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Accueil du site → Doctorat → Afrique du Sud → 2020 → The relative importance of species richness and functional diversity for ecosystem functions performed by dung beetles (Coleoptera : Scarabaeidae) in South Africa.

Stellenbosch University (2020)

The relative importance of species richness and functional diversity for ecosystem functions performed by dung beetles (Coleoptera : Scarabaeidae) in South Africa.

Simba, Lavhelesani Dembe

Titre : The relative importance of species richness and functional diversity for ecosystem functions performed by dung beetles (Coleoptera : Scarabaeidae) in South Africa.

Auteur : Simba, Lavhelesani Dembe

Université de soutenance : Stellenbosch University

Grade : Doctoral Degrees (Conservation Ecology and Entomology) 2020

Résumé partiel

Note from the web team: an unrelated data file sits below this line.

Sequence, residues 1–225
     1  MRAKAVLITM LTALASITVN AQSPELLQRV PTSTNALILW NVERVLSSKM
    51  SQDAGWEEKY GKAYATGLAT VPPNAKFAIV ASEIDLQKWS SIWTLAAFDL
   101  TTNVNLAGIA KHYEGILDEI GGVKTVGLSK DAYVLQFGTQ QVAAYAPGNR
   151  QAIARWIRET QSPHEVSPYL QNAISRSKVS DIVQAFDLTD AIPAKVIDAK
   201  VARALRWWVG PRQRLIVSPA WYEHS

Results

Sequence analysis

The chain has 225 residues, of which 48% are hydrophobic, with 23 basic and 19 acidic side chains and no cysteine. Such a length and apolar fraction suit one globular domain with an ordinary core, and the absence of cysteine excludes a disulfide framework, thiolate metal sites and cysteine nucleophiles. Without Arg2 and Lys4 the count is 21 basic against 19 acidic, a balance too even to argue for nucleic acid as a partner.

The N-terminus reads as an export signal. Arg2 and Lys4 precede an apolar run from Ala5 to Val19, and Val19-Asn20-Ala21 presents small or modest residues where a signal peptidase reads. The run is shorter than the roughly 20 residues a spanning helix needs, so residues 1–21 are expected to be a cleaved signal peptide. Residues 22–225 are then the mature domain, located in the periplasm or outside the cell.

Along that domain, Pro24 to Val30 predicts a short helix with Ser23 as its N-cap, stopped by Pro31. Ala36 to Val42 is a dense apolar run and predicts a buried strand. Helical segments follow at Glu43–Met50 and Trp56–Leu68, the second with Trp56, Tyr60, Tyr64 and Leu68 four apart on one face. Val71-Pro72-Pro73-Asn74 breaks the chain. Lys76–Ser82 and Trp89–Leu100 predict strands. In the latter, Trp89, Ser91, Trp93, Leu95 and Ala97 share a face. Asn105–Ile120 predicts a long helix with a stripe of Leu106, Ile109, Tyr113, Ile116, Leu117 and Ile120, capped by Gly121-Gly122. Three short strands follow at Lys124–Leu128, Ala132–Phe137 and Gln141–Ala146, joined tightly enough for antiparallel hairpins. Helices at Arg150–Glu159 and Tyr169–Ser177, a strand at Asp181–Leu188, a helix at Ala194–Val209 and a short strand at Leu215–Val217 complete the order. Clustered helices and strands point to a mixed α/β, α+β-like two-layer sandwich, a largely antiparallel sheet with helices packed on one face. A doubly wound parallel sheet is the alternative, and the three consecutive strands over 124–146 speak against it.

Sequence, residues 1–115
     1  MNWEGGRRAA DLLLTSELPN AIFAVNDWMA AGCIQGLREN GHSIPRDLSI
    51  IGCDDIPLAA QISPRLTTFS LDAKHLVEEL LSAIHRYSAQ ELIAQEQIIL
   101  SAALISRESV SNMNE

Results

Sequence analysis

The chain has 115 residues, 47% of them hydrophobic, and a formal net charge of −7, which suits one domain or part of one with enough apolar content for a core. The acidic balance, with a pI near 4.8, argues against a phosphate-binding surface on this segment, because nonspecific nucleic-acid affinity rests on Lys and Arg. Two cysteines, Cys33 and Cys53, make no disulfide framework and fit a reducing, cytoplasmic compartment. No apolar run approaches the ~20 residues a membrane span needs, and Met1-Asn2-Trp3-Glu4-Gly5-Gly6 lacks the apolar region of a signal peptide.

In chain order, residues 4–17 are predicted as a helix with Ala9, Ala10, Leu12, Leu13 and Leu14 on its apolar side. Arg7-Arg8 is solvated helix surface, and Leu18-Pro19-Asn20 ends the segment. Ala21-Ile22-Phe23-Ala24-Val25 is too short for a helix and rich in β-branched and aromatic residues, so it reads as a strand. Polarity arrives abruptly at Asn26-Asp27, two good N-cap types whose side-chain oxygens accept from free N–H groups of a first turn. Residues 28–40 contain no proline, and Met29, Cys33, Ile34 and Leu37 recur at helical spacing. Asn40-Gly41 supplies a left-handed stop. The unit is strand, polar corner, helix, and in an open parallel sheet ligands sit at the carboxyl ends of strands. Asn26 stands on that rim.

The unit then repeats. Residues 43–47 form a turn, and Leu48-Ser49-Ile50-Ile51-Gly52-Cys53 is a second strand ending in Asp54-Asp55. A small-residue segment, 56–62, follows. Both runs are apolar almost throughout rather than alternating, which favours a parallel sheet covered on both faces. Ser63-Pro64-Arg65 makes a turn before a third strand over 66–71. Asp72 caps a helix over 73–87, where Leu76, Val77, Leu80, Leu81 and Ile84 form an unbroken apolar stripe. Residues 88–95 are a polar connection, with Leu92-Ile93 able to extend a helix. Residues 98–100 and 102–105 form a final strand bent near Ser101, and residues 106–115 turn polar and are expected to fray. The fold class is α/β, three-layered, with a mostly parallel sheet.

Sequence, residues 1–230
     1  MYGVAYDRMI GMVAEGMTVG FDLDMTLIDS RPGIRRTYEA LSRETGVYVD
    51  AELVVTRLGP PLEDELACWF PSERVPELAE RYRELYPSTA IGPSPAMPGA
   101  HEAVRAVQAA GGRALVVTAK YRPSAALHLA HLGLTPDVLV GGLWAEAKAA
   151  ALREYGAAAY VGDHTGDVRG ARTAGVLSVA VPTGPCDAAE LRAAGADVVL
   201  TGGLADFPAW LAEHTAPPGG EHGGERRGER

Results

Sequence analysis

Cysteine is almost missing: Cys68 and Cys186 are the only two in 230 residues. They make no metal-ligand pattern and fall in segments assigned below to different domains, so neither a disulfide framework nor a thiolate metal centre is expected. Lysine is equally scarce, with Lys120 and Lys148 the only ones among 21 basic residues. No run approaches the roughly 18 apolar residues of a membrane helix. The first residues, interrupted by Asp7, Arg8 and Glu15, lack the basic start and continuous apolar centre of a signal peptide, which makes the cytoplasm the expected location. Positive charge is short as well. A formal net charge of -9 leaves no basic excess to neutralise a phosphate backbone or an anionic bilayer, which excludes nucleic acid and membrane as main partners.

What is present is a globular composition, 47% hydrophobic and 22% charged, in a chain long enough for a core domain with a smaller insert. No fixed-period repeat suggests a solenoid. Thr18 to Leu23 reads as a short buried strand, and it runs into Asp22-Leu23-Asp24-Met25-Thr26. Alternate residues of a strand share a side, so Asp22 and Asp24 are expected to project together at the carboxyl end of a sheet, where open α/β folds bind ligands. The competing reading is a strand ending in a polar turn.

The ongoing and accelerating loss of biodiversity due to anthropogenic activities has highlighted the effects of declining biodiversity on ecosystem functioning. In rangelands, livestock grazing along with variation in soil texture and climatic conditions can have significant impacts of biodiversity through alteration of habitat structure. In the semi-arid Karoo, South Africa, rangelands are extensive, and much of this ecosystem has been disturbed by livestock. This study aimed to determine how variation in land use (rangeland for livestock or protected area) and rainfall (100 to 520 mm.year-1 in the Nama Karoo and 20 to 290 mm.year-1 in the Succulent Karoo) influence the functionally important dung beetle diversity (i.e. species richness, abundance, functional diversity and body size, and their assemblage composition, and the ecosystem functions they provide in the semi-arid Karoo. Here, I investigate the relative importance of long-term (mean annual precipitation), medium-term (yearly difference from mean) and short-term (recent rains) on dung beetle species richness, abundance and assemblage composition. First, I assessed whether variation in land use, herbivore stocking rates, vegetation cover, soil texture and rainfall affect dung beetle communities and functional diversity. Dung beetle abundance and functional diversity showed contrasting responses between protected areas (PAs) and livestock farms, with PAs having a significantly greater abundance of dung beetles and lower functional diversity. Neither species richness nor body size was influenced by land use, although richness and abundance increased with higher herbivore stocking rates and rainfall. Species richness was best predicted by short-term rainfall and abundance by long-term rainfall. I further assessed whether variation in land use and rainfall affect dung beetle community composition. Dung beetle species composition varied between farms and PAs, and also varied with MAP, stocking rates, vegetation cover and rainfall season. I Identified 15 indicator species that explained this variation in dung beetle species composition which were associated with the different environmental variables, furthermore, four of these species were associated with two environmental variables. The response of dung beetle species to environmental variables was influenced by their functional traits, particularly reproduction capacity and dispersal ability. There was greater reproduction capacity for dung beetles in the PAs than on farms. Greater dispersal ability was also associated with PAs as well as the summer rainfall region and greater vegetation cover.

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